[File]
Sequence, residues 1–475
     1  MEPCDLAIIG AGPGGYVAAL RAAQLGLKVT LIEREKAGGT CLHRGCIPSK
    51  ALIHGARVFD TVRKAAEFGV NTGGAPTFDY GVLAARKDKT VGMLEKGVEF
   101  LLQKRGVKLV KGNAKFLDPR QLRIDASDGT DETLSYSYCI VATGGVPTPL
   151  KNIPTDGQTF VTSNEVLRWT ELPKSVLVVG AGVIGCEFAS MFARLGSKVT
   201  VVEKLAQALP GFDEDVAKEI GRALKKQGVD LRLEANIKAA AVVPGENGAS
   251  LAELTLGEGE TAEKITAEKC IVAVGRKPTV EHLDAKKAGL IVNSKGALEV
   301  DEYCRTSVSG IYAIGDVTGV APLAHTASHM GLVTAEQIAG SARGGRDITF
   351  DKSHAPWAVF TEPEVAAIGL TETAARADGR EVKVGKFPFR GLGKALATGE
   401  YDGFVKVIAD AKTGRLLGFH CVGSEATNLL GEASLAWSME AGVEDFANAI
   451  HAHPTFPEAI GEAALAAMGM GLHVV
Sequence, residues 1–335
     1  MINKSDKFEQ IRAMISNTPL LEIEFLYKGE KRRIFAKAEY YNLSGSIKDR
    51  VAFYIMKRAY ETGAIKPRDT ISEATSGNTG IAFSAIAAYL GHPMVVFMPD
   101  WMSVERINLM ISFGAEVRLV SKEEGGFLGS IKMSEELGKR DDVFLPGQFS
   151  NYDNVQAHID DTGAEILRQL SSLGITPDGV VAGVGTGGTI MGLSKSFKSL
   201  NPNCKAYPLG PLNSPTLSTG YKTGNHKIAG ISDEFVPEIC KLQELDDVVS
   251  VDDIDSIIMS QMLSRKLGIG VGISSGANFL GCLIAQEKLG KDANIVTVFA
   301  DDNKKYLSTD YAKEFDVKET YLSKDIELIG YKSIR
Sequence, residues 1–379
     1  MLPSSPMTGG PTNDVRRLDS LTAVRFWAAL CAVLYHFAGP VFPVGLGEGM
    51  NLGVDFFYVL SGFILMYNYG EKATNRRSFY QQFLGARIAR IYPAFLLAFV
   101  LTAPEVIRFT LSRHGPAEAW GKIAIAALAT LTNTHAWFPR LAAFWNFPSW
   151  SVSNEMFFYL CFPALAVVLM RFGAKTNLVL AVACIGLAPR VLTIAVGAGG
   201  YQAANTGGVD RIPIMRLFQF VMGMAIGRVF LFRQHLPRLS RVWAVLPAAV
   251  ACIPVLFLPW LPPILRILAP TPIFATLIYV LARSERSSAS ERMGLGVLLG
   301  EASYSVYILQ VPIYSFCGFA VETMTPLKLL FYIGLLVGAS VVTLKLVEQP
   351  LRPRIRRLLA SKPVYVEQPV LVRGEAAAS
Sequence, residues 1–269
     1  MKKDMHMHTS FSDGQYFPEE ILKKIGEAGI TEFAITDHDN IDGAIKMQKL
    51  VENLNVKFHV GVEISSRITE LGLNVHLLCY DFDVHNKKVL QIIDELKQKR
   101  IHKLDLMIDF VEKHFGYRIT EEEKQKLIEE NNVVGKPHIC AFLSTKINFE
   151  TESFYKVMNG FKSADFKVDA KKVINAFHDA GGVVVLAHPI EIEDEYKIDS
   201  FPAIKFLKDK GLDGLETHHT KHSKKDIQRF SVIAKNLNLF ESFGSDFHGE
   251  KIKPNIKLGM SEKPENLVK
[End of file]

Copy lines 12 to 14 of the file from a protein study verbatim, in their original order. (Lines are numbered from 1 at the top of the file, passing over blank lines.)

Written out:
Sequence, residues 1–335
     1  MINKSDKFEQ IRAMISNTPL LEIEFLYKGE KRRIFAKAEY YNLSGSIKDR
    51  VAFYIMKRAY ETGAIKPRDT ISEATSGNTG IAFSAIAAYL GHPMVVFMPD